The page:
Hybrids have come quite a long way from their roots as dull, slow, boring ecomobiles. Today, Porsche sells three hybrid models, one of which is the amazing 918 Spyder. BMW will soon sell four, including a low-slung, two-seat sports car. Even Ferrari and McLaren, full-fledged hypercar manufacturers, are embracing the tech. And all of these cars are sold alongside the same sort of boring cars that popularized hybrids in the first place. According to Toyota Chairman Takeshi Uchiyamada, though, we should see an even bigger increase in the number of hybrid vehicles in the coming years.
"I foresee hybrid models pretty soon reaching 20 percent of global sales from about 13 percent to 14 percent now," Uchiyamada-san told Automotive News. Uchiyamada is the man behind the original Prius, which gives him some degree of authority on making predictions about hybrid adoption.
What's remarkable, though, is that the 20-percent figure doesn't include plug-in hybrids, just gas- and diesel-electric models. "Suppliers need higher volumes to slash costs of components specific to plug-in models, including batteries that should be bigger and more capable than the ones used in traditional hybrids," Uchiyamada told AN.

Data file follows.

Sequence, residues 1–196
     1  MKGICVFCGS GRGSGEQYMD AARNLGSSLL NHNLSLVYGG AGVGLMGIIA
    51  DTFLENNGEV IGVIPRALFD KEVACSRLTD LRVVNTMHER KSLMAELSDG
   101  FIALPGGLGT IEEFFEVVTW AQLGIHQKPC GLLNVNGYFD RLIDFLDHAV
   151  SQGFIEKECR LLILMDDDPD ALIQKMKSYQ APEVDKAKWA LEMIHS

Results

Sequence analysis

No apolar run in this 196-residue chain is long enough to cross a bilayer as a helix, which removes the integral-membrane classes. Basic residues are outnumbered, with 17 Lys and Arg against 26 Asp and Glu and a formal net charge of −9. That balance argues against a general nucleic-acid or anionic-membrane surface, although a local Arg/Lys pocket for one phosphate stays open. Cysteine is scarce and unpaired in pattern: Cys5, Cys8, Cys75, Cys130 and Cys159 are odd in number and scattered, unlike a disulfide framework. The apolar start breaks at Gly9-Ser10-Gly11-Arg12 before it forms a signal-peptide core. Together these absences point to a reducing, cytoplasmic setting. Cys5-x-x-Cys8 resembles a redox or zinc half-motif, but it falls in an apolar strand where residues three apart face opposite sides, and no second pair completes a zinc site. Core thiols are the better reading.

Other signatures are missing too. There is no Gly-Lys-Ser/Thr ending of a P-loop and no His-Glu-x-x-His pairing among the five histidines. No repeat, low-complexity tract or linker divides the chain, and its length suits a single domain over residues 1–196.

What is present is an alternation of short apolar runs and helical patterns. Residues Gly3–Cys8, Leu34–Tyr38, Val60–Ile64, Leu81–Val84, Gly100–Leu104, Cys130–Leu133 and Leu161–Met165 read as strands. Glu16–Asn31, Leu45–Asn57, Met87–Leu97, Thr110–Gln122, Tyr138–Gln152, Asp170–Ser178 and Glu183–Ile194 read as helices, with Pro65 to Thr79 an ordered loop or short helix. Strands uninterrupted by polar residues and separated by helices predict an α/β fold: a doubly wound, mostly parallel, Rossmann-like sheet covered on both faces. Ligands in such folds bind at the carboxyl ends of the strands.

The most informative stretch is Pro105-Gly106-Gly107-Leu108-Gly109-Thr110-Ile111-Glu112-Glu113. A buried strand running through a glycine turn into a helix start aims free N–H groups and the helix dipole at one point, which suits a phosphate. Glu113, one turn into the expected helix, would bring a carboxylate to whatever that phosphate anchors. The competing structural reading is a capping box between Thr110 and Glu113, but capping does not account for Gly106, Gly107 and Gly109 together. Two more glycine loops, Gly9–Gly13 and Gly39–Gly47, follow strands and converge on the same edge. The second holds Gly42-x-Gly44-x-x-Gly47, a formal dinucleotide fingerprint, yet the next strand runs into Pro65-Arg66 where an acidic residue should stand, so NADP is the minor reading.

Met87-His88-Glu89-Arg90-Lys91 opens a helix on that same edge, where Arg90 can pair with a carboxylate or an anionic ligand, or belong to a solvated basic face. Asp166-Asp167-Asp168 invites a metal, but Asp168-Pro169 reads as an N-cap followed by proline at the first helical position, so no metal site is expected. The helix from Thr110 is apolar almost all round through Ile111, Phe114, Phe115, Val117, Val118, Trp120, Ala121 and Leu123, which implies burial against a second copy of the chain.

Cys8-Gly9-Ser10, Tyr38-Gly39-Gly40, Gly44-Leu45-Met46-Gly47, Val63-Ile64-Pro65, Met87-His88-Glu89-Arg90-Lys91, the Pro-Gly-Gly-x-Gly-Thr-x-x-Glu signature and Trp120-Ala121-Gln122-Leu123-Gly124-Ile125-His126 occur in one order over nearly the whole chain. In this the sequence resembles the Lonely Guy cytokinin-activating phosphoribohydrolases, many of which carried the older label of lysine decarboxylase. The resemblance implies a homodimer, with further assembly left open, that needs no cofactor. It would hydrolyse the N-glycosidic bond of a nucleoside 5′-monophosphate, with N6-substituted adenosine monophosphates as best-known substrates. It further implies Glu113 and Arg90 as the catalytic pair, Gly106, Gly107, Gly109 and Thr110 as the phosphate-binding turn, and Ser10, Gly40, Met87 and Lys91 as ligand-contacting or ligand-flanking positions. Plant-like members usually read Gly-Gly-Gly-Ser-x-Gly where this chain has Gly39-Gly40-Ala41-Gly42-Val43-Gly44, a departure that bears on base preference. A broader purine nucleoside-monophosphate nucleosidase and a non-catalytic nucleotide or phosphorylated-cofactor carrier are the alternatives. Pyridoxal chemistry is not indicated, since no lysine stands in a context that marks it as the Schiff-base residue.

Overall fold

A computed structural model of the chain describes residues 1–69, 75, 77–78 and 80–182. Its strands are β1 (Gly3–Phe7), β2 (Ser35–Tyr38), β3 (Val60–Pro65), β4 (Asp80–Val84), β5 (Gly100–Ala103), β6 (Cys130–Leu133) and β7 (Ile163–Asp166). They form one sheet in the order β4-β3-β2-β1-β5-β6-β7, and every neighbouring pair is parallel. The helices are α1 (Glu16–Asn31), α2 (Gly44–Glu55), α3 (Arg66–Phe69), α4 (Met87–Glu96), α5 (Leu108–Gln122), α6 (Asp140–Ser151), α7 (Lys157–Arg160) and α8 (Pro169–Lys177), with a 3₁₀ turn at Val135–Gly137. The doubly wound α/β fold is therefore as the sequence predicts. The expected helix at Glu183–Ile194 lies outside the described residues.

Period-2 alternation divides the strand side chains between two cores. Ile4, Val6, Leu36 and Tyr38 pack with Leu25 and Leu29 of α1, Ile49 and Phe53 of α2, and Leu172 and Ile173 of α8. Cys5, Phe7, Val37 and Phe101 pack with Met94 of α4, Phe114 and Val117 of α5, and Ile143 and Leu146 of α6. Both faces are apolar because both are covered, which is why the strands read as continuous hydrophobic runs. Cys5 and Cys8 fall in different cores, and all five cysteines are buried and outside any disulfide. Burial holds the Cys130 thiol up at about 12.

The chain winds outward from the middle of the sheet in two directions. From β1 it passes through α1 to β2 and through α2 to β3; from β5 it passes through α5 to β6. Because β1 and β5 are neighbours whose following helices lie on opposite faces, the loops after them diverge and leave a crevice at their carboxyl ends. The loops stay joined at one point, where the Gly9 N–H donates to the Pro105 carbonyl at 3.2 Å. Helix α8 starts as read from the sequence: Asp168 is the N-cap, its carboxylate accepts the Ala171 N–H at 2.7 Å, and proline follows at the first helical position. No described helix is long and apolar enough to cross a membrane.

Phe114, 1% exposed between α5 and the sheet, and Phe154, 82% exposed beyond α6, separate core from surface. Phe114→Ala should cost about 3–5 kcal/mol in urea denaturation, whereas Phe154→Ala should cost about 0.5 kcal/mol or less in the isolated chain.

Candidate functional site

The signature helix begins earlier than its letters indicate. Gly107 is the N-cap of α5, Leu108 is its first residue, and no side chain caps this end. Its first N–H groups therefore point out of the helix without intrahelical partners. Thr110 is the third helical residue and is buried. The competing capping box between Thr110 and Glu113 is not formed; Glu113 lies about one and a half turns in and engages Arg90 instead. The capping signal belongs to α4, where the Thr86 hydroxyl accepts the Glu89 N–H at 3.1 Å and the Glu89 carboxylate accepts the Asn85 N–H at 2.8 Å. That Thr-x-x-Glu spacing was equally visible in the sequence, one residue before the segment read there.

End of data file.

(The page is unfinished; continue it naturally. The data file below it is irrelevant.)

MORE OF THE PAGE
Those comments run counter to those of Volkswagen's CEO, Martin Winterkorn, who told AN's sister publication, Automobilwoche that "plug-in hybrid has the greatest potential." For what it's worth, Uchiyamada isn't discounting PHEVs, saying his company is "closely watching what our competitors are doing."
Still, it's telling that the man that can essentially be credited with creating the most influential hybrid of all time is still skeptical of plug-ins, especially considering Toyota's own Plug-In Prius. What's your view on this? Should Toytoa, which only builds one plug-in hybrid alongside 25 hybrids, be placing a bigger focus on the technology? Have your say in Comments.